When he received a package from the Germans that included a picture of his son. "Fool - he couldn't even shoot himself!" An angry Stalin complained to his younger son Vasily.

Rumor had it that Stalin blamed Yakov for "surrendering like a coward" to the enemy. The Nazi German propaganda machine immediately filled the Soviet trenches with leaflets. These stated that with the exception of "commissars and Jews", he promised good treatment to those Red soldiers and commanders who surrendered unarmed.

Several leaflets contained a picture of Yakov Dzhugashvili, smiling at the Wehrmacht officers around him. Printed on the back of one of the propaganda publications was a copy he wrote to his father. She was deported from him soon after his capture by the Germans, and sent through diplomatic channels to his addressee:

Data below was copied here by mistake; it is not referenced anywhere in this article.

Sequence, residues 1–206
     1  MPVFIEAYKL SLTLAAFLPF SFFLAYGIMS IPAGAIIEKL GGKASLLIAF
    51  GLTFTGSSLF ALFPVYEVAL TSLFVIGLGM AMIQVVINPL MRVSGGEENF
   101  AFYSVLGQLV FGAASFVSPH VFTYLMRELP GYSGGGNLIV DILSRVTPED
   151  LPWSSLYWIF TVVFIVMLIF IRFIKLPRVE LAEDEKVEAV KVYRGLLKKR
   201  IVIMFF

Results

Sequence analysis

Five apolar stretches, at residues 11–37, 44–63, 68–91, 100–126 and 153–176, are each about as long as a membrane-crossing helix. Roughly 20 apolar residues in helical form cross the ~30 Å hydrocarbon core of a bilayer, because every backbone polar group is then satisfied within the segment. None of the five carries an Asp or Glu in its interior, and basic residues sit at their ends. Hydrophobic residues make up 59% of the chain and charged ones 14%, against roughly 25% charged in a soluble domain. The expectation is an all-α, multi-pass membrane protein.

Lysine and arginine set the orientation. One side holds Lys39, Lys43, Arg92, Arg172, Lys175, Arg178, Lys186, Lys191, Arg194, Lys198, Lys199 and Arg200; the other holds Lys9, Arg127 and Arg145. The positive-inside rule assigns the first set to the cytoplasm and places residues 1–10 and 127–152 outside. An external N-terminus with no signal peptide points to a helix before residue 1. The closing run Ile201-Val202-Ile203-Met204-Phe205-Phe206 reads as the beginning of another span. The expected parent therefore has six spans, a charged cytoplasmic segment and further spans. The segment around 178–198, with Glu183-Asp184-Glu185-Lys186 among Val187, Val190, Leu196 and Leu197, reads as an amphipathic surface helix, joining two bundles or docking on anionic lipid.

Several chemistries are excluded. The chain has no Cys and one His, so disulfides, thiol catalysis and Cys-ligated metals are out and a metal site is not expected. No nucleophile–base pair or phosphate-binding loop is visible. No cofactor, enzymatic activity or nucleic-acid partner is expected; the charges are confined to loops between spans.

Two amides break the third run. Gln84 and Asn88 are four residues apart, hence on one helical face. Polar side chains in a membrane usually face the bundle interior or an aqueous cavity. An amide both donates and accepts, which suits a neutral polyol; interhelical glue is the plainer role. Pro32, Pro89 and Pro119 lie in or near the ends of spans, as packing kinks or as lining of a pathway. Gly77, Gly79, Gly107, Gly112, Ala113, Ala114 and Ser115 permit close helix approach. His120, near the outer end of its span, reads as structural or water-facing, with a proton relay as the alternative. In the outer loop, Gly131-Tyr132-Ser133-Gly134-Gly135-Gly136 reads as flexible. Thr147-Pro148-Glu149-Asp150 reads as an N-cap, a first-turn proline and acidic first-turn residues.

"Dear Father! I have been taken prisoner. I am in good health. I will soon be sent to a camp for the authorities in Germany. I am being treated well. I wish God health. To all Hello. Yasha".

Later in the war the Germans offered to trade him for a German officer who had been held prisoner, some say by Field Marshal Friedrich von Paulus, who had recently surrendered at Stalingrad, but Stalin refused such Denied the deal, denying that they had a son who was taken away. captive. (A story later circulated that Stalin alleged that he would not trade a field marshal for an ordinary soldier.)

In the following months, the German secret services could receive little new information from Stalin's eldest son, who was temporarily preserved in a villa in Berlin. However, Joseph Goebbels and his colleagues initially hoped that they could create a puppet of him and include him in Russian-language radio propaganda broadcasts.